Question Video: Composing a Complementary Sequence to a Strand of DNA | Nagwa Question Video: Composing a Complementary Sequence to a Strand of DNA | Nagwa

Question Video: Composing a Complementary Sequence to a Strand of DNA Biology • First Year of Secondary School

A single strand of DNA has the following sequence: 5′-ATTATTGCGC-3′. Reading 3′ to 5′ on the complementary strand, what should the sequence of DNA bases be? You do not need to include the 3′ or 5′.

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Video Transcript

A single strand of DNA has the following sequence: five prime to three prime ATTATTGCGC. Reading three prime to five prime on the complementary strand, what should the sequence of DNA bases be? You do not need to include the three prime or five prime.

This question gives us the DNA sequence of one strand and asks us to find the DNA sequence of the complementary strand. Let’s start by considering what the letters in a DNA sequence actually represent. DNA is a polymer composed of monomers called nucleotides. Each nucleotide has a phosphate group, a deoxyribose sugar, and a nitrogenous base. The four types of nitrogenous bases found in DNA are adenine, guanine, cytosine, and thymine, which are usually represented by their initials. The deoxyribose sugars and phosphate groups of nucleotides are arranged along the outside of the DNA molecule in a structure called the sugar-phosphate backbone.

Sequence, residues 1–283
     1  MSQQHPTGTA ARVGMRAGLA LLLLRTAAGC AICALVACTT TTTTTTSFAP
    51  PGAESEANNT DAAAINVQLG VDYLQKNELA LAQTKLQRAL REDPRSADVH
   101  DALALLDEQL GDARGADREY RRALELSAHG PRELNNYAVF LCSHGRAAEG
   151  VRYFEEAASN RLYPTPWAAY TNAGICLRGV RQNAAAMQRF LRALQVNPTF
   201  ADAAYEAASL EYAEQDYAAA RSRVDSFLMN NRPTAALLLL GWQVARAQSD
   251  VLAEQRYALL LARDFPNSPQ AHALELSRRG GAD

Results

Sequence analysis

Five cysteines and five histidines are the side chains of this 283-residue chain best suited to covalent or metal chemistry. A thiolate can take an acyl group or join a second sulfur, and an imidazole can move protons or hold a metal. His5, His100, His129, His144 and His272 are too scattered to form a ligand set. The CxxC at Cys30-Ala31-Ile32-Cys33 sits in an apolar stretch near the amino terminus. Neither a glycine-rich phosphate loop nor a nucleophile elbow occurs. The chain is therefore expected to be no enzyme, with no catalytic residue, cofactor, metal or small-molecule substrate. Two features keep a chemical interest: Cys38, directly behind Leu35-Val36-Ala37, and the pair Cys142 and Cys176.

The particular order of these bases along the sugar-phosphate backbone contains the genetic information stored by DNA. So the term DNA sequence refers to the order of the nitrogenous bases along a strand of DNA. And we notate this order using the initials of the bases. Next, let’s consider what it means for two strands of DNA to be complementary. DNA is a double-stranded nucleic acid, and the two strands are held together by hydrogen bonds between their bases. The bases follow certain rules when bonding with each other, called base pairing rules.

In DNA, adenine always bonds to thymine, and guanine always bonds to cytosine. You may remember that the carbon atoms of pentose sugars are numbered one through five. The phosphate groups of the sugar-phosphate backbone bond to the third and fifth carbon atoms of deoxyribose. Because of this bonding pattern, we call this end of the DNA molecule the five prime end, and we call the other end the three prime end. As you can see in the diagram, the two strands of DNA are oriented in opposite directions. This opposite arrangement of DNA strands is known as antiparallel. So two strands of DNA are said to be complementary when their nitrogenous bases follow base pairing rules and they’re antiparallel.

Returning to our question, we have the base sequence ATTATTGCGC. The question asks us for the complementary sequence read from three prime to five prime, which is the direction that the antiparallel DNA strand would run. Following base pairing rules, adenine always bonds to thymine. So the complementary sequence will have an A when the given sequence has a T and a T where the given sequence has an A. Guanine always bonds to cytosine. So the complementary sequence will have a G when the given sequence has a C and a C where the given sequence has a G. The complementary sequence of DNA is TAATAACGCG.

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